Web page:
Sex Strike Constitutional Amendment Opposing Iraq War Proposed In Colorado
If a proposed ballot initiative passes this November, there will be a no sexual fireworks launched on January 1, 2009 in Colorado.
That's what one man wants--not a referendum, proclamation, or resolution--but an amendment to the Colorado Constitution mandating a one day "sex strike" by women to show opposition to the war in Iraq:
A graduate student at the University of Colorado-Denver is proposing a statewide ballot initiative that would ask voters to include in the state Constitution a one-day sex strike by women to symbolize opposition to the Iraq War.Yeah, that'll work. (Full disclosure--I attend CU-Denver, and no, it wasn't me)
Facethestate.com caught up with Page Penk, the initiative's author, and asked why there was a need for such a drastic measure:
"The war is underground. It's secret. It's not affecting the middle class. It's not being covered by the media. I feel like the war is taboo to talk about."As Face the State quips, Penk needs to get out a little more.
Here is the original text, which received approval to begin collecting the signatures necessary to put the initiative on the ballot:
The initiative asks voters: "Be it Enacted by the People of the State of Colorado: Shall there be a sex strike by the women only, January 1st, 2009, for one day in length, in support of the wife's and parents of U.S. combat troops receiving pay for support services rendered to the military, through an amendment to the Colorado Constitution?"To paraphrase Glenn Reynolds of Instapundit.com, "they said if George W. Bush were reelected, we would have less privacy in our sex lives, and they were right!"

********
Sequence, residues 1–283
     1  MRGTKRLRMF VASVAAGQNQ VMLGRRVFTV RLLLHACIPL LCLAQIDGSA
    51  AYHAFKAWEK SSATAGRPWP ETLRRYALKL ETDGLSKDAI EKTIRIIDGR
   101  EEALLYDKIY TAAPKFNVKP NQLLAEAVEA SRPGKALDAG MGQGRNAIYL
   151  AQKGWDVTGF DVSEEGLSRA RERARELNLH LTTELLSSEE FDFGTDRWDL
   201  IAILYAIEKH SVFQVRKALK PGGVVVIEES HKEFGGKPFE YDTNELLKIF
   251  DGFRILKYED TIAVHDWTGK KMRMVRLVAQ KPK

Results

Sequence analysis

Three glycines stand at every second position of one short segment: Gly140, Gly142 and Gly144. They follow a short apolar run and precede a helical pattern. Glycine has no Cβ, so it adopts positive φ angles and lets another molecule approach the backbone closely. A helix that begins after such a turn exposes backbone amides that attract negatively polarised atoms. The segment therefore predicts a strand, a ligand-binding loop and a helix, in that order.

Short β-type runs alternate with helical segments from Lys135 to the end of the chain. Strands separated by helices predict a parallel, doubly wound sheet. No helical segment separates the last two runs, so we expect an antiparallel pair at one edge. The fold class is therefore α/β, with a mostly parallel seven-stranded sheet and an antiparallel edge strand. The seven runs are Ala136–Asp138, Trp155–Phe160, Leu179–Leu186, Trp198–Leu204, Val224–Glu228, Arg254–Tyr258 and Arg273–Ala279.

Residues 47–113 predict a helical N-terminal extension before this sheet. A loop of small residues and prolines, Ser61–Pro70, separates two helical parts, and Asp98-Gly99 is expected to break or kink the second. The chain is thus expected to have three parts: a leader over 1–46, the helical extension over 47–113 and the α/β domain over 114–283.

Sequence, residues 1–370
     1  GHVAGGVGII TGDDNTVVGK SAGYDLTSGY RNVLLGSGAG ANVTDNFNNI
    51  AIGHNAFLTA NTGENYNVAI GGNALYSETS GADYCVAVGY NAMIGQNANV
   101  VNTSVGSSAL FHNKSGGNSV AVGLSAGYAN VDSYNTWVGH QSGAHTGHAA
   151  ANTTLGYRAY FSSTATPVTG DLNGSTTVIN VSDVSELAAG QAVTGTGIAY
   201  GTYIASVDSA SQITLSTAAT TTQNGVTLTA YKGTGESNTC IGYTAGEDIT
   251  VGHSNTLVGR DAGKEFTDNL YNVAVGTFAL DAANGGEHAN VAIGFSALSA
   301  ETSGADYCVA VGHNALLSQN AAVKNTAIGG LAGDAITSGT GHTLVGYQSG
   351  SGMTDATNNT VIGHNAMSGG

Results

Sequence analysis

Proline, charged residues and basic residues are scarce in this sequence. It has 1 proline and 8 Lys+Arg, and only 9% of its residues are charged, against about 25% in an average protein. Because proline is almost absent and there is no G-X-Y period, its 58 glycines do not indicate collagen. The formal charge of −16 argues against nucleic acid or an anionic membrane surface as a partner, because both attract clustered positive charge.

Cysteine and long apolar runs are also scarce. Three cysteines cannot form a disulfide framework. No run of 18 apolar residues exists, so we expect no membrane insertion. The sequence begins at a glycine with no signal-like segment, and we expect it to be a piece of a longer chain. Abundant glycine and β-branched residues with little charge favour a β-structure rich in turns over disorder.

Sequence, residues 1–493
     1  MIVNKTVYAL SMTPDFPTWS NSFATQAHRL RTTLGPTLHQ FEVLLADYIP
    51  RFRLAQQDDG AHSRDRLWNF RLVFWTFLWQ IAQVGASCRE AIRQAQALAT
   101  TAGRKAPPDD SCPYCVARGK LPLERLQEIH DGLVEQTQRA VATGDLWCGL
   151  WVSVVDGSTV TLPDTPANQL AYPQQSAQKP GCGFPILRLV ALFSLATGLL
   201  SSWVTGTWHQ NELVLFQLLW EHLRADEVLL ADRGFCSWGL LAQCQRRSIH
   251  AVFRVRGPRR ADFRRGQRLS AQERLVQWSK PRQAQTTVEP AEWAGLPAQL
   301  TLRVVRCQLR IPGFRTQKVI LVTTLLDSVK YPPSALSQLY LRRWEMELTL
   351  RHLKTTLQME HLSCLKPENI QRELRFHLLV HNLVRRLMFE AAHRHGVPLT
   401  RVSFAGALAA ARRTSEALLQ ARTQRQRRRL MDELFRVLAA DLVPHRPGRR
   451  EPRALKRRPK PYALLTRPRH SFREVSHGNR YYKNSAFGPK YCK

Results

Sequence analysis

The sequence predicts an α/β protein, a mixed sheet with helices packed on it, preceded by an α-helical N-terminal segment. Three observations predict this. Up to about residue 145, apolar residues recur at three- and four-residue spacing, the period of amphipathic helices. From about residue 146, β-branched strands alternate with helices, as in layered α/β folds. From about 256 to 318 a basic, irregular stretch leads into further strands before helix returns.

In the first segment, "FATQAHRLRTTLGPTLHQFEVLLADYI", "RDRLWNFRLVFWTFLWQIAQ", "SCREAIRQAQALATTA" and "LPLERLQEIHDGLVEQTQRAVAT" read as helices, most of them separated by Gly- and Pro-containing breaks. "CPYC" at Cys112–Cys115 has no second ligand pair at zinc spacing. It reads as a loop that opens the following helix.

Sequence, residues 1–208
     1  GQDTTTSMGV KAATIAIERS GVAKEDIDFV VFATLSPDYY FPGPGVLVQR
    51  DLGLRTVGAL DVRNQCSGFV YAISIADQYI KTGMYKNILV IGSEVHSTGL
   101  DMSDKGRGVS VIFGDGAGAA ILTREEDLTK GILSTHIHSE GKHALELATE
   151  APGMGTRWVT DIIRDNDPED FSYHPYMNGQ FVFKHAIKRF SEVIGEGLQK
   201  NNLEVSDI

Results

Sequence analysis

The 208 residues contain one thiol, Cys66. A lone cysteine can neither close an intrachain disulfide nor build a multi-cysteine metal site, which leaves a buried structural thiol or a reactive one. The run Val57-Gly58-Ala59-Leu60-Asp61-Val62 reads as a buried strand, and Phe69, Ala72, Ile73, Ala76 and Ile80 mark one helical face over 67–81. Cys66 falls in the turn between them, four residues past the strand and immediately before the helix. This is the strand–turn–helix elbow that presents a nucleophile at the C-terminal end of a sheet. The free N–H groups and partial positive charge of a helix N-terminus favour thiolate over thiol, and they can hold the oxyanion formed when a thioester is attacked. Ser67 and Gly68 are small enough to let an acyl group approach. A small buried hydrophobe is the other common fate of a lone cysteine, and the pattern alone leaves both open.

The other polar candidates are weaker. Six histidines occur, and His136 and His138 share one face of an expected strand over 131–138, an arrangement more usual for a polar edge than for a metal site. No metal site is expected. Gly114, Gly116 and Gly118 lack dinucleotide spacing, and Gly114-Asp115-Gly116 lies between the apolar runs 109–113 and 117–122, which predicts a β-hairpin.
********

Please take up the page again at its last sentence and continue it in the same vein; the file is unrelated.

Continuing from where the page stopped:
After an hour of arguing, Page got approval from the board to begin collecting signatures for the question to appear on the ballot. He will need to collect more than 76,000 signatures.
Penk said the idea is a creative way to make a statement.
"This is about respect for the families of our military," he told the Web site.
One could question, in a serious manner, the legal ramifications of such an amendment to Colorado's citizens, or the intent of the author's back door approach to inserting such anti-war schlock into the state's constitution, but that might give moonbats like Peng a little too much credit. The intent is to get his 15 seconds of Internet fame.
But the initiative has cleared the first hurdle of review, and now goes to the people of Colorado for 76,000 signatures and final ballot approval.
Here is the Legislative Staff response to Penk's proposal:
MEMORANDUMYou know, between this and the "Extraterrestrial Affairs Commission" proposed to Denver's City Council, it appears that the state's moonbats aren't confined to the People's Republic of Boulder or posh ski resorts any longer.
April 11, 2008
TO: Page and Chester Penk
FROM: Legislative Council Staff and Office of Legislative Legal Services
SUBJECT: Proposed initiative measure 2007-2008 #97, concerning a sex strike in support of combat troops.
Section 1-40-105 (1), Colorado Revised Statutes, requires the directors of the Colorado Legislative Council and the Office of Legislative Legal Services to "review and comment" on initiative petitions for proposed laws and amendments to the Colorado constitution. We hereby submit our comments to you regarding the appended proposed initiative.